At the Rose Playhouse on London’s Bankside, an English translation of Johann Wolfgang von Goethe’s 18th Century German classic, Iphigenia in Tauris, can be seen (and heard) for the first time in a staged setting. The story is based on an ancient Greek myth but when it comes to gender issues, the piece could not be more current. The play’s dramaturge, Annegret Märten, on the power of the female voice:
“I have only words.” Iphigenia in Tauris, Act V.
A curious thing has been happening over the last year or so. A wave of mostly young women have been very publicly dismissing feminism as old hat, photographing themselves holding up signs in which they proclaim feminism an obsolete idea unfit to argue the case of the modern woman. These proclamations are as confident as they are uninformed – and I would argue that’s partly a good thing. When these women claim they don’t need feminism because they don’t see themselves as victims, feminists should rejoice in the way the oppositional voices take their right to vent personal opinion for granted. Instead of being chastised for their ignorance, these anti-feminists need to be tasked to use this newly found voice to speak up for issues they feel strongly about.
Take Iphigenia, the tragic figure from Greek mythology. All her life, the daughter of Agamemnon of the cursed Tantalid race, is surrounded by the absurdity of human sacrifice. First, her own life is in danger: she is to be sacrificed by her father for the common good and the Greek war effort. The moment she is about to be killed, the gods whisk her away in a protective cloud to Tauris, a remote island. This act, thedeus ex machina par excellence, did not just save her life; it also silenced her and allowed her no agency in her own fate.
But the abhorrent practice of human sacrifice also lurks in her new home. She remains in exile for many years where she serves in the temple of the goddess who saved her from death. She eventually manages to convince the island’s ruler, Thoas, to abandon the practice of killing strangers who are washed ashore. It is only when she has to say “No!” to the men around her that things become complicated forIphigenia. When she refuses to marry the king, he orders her to reinstate the killings and sacrifice the two strangers that have just arrived on Tauris. The two turn out to be her brother Orestes and his friend who have come to steal a holy statue from the shrine. Faced again with her childhood trauma, Iphigenia must not only stand up to the ruler but also examine her own alliances. If she helps her brother escape, does she really want to support the planned theft? Can she betray the king who over the years has become a good friend? In Goethe’s version of Euripides’ play, there is no chorus of women so Iphigenia is alone among four men who hack away at her moral integrity. None of them means any harm to her; they’re simply pursuing their own interests.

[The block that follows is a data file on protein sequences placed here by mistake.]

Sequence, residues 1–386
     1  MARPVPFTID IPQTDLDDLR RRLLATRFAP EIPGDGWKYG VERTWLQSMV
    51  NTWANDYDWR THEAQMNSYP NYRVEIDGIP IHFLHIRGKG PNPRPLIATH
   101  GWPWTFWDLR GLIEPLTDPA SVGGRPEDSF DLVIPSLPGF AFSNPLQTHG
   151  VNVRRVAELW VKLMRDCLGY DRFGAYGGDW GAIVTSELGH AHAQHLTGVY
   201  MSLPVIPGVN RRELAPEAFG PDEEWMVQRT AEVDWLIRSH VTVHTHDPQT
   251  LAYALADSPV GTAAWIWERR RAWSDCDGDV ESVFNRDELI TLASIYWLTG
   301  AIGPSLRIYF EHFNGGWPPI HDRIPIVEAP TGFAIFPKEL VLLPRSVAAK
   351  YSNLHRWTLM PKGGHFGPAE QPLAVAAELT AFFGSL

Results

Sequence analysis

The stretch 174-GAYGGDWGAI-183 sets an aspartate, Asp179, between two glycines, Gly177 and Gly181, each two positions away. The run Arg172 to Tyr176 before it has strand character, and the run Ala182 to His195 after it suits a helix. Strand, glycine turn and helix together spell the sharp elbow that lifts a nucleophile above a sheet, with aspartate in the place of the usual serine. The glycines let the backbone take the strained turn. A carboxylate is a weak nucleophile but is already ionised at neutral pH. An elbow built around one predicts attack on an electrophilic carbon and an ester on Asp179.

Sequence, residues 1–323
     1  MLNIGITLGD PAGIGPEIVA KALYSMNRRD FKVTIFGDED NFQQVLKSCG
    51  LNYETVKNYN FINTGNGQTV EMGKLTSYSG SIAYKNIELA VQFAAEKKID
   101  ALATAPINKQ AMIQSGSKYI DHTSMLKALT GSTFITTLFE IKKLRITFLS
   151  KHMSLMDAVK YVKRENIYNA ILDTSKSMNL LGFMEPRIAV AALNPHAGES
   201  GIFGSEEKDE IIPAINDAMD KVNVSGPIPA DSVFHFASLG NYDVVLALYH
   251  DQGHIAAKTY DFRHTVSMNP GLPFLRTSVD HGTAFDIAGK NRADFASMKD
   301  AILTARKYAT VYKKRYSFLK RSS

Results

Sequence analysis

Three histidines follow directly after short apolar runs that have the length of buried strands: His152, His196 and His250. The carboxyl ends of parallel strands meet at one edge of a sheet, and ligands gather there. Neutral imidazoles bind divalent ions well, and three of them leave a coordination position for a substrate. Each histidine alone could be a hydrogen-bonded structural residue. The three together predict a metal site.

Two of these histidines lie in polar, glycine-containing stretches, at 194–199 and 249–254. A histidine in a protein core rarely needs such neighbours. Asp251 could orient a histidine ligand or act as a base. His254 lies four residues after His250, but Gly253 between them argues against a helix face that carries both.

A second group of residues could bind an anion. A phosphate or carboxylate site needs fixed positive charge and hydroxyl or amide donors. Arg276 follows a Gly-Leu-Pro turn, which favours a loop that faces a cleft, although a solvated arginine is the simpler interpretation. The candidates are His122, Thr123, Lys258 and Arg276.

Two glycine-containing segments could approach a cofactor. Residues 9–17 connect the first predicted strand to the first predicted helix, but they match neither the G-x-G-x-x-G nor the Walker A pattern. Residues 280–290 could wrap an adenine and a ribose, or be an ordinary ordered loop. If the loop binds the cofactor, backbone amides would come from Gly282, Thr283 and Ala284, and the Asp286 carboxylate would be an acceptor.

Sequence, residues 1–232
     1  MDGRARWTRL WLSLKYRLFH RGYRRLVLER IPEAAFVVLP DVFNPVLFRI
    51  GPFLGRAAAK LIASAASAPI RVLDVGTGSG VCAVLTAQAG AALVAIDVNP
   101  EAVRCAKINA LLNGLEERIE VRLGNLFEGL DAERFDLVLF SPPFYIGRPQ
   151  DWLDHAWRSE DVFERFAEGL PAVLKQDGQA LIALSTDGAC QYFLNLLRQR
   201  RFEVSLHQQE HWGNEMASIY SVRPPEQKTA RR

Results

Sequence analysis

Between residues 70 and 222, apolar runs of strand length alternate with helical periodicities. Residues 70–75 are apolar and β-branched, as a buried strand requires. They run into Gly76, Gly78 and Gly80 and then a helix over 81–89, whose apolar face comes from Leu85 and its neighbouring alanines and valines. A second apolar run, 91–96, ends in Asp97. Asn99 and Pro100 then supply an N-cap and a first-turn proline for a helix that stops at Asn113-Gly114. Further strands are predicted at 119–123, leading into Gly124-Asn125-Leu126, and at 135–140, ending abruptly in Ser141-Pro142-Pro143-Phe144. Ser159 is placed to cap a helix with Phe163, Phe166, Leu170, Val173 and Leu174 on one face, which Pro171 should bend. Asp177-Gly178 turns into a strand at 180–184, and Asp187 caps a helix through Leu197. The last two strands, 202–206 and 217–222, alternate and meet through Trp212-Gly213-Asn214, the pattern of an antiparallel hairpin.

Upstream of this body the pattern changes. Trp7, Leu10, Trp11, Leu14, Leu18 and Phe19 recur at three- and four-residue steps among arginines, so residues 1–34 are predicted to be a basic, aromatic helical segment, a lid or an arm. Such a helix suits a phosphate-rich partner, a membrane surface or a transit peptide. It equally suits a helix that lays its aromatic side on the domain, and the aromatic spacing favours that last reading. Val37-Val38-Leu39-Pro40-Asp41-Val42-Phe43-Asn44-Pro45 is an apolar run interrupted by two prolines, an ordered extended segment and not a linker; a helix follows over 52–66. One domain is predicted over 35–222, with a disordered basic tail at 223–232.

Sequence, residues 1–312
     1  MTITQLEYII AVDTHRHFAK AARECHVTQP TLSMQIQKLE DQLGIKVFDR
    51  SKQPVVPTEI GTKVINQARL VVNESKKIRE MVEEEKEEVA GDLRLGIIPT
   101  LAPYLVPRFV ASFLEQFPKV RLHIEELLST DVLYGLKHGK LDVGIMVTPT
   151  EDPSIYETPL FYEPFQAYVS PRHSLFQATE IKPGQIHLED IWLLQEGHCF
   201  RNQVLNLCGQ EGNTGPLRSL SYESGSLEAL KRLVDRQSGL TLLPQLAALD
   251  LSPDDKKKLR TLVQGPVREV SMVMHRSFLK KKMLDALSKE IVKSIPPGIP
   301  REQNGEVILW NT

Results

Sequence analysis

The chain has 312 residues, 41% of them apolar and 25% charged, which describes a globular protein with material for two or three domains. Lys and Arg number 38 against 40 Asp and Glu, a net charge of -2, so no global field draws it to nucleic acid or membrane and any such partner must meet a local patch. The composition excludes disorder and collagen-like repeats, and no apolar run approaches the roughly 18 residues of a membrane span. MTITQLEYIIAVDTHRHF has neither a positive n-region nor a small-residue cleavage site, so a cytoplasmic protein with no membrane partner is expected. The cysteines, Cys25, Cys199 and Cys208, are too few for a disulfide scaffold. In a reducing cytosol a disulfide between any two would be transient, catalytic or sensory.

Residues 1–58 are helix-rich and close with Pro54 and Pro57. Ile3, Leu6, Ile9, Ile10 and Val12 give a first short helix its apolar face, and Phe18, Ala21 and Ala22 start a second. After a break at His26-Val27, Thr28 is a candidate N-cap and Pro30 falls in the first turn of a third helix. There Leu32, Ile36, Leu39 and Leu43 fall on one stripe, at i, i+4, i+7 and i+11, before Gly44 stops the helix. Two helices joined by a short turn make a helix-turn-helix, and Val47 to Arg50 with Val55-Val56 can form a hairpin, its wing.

A horrendous trend with which women are faced nowadays is the public shaming and discarding of strong female voices. Especially on social media, outspoken women like Laurie Penny are constantly subjected to a torrent of misogynistic abuse and condescending belittlement. There are points inIphigenia too where the men try to ‘woman-shame’ her; they object to or discard any decision she makes because she is a woman, calling her weak and unreasonable. Belittling a woman’s opinion like that serves to keep up a long and well-established power imbalance which uses two different measures for men and women. Because not one of the men has her fate in mind, Iphigenia’s strength of conviction is born out of necessity. She can only pull through by not bowing to their will. She asks: “Have only men a right to heroic deeds?” As a woman in ancient Greece, she is an unlikely feminist because back then, women had barely more rights than slaves. Though as a king’s daughter and later as a priestess, she does have certain privileges she is aware of and which she uses to her advantage in order to regain her previously silenced voice. She navigates the lies and personal interests of the others and then pleas, explains and justifies everything she stands for until the men see reason.
Goethe’s text was ahead of its time in that it clearly positions itself critically towards outdated male virtues such as strength, pride, cunning and honour. Opposite those, he puts Iphigenia’s virtues of diplomacy, humility, truthfulness and loyalty. Reality does not fall as neatly in such binary categories, yet the transformative power of language that Goethe demonstrates here cannot be underestimated. For Iphigenia, as for young women trying to position themselves politically and on a spectrum of feminist engagement, it’s a two-step process: first, finding your own voice and then using it loudly and proudly to make a difference. “Born as free as any man”, Goethe’s Iphigenia speaks up against something she despises. What will you speak up for?
Published first on FemaleArts.